Approved for structured learning
Approved for Core Learning
This course can be self-reported to the NLAA
Course may qualify for Learning Hours with NWTAA
Course eligible for OAA Learning Hours
This course is approved as a core course
This course can be self-reported for Learning Units to the Architectural Institute of British Columbia
This test is no longer available for credit

Construction and demolition materials are recognized as one of the largest components of the solid waste stream in the US, according to a study at the University of Florida by The Department of Environmental Engineering Sciences, Engineering School of Sustainable Infrastructure and Environment.1 The construction industry is responsible for over 30% of the extraction of natural resources, as well as 25% of all solid waste generated in the world.2 This consumption of materials and production of waste from the building sector is due to a linear economic model that takes, makes, and then disposes of materials at the end of their life or service. The governing assumption under a traditional, linear view is that products and materials assembled for a one-time use don’t retain any potential for reuse.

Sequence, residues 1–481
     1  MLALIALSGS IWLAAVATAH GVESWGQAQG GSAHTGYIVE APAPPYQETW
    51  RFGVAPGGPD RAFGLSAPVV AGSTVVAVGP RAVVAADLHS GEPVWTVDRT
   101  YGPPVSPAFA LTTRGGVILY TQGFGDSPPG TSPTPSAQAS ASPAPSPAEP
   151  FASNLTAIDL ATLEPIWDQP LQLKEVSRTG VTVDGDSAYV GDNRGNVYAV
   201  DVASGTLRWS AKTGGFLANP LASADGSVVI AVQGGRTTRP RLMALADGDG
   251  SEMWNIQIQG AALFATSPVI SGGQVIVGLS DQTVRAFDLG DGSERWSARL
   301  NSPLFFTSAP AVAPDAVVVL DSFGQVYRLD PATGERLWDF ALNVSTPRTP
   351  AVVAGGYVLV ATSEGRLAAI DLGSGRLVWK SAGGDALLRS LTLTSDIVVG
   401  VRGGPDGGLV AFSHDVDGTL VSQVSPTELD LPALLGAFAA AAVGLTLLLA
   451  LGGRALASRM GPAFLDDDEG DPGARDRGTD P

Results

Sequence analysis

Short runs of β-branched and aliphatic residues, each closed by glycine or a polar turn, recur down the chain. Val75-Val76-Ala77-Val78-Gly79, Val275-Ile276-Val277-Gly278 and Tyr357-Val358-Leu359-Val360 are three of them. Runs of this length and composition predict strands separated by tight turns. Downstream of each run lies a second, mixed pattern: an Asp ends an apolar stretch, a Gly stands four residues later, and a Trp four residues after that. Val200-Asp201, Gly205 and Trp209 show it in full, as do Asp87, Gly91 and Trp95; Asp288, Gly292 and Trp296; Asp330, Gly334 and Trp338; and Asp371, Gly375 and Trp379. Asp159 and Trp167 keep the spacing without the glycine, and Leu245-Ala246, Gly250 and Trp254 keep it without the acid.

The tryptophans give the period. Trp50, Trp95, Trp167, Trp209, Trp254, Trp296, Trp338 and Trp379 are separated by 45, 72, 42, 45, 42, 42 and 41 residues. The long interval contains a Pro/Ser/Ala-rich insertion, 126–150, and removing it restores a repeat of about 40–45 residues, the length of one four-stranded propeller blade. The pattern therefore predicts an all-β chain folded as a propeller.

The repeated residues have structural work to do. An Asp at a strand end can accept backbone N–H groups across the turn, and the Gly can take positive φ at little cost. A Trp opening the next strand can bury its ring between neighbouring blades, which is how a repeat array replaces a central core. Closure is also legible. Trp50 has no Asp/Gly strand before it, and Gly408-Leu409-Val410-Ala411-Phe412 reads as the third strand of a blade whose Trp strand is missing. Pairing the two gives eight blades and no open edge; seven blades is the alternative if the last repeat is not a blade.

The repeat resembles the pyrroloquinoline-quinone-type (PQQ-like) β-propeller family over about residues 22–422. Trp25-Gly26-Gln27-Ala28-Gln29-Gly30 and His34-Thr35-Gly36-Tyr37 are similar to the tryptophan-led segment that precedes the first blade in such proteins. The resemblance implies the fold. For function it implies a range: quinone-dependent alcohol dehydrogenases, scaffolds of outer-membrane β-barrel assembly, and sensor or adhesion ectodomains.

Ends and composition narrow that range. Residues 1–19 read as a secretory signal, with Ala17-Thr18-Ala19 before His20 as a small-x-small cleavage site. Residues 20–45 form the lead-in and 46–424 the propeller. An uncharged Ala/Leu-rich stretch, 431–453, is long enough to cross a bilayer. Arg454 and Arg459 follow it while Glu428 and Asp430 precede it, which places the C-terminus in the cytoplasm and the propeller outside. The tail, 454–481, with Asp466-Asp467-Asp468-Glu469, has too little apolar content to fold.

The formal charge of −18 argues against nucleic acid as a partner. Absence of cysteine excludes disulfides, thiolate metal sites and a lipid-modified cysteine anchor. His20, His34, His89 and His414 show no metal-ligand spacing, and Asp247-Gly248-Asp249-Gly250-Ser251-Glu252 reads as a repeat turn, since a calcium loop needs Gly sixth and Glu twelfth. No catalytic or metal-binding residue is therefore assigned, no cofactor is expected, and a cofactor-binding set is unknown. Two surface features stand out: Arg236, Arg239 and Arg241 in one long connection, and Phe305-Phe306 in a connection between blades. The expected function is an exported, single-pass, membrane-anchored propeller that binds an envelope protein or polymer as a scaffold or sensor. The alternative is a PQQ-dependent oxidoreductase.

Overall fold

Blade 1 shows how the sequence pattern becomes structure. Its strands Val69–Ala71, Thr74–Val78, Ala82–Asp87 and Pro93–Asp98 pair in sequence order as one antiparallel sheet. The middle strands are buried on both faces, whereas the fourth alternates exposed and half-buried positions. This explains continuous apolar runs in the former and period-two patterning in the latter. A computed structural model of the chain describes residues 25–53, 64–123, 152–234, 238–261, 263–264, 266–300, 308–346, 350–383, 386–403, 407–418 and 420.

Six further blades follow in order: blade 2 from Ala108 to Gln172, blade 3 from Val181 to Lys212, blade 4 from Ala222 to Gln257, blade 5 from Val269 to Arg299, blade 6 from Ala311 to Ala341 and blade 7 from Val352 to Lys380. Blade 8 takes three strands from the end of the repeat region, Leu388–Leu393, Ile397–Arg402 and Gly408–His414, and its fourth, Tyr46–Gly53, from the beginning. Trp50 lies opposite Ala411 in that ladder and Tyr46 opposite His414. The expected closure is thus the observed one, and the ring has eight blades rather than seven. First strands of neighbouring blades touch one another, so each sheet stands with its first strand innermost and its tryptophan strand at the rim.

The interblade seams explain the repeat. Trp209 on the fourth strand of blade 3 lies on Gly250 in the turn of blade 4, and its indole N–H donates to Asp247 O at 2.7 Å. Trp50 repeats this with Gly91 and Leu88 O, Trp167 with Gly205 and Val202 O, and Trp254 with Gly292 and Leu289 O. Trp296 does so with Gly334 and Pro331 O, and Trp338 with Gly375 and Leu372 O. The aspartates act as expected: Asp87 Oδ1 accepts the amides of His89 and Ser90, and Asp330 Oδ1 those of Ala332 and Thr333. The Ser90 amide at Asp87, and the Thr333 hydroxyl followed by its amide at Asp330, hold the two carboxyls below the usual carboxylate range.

Photo courtesy of CRL

In addition to being sustainable, products and materials that are recycled or reusable can also improve the health, welfare, and safety of families in residential settings.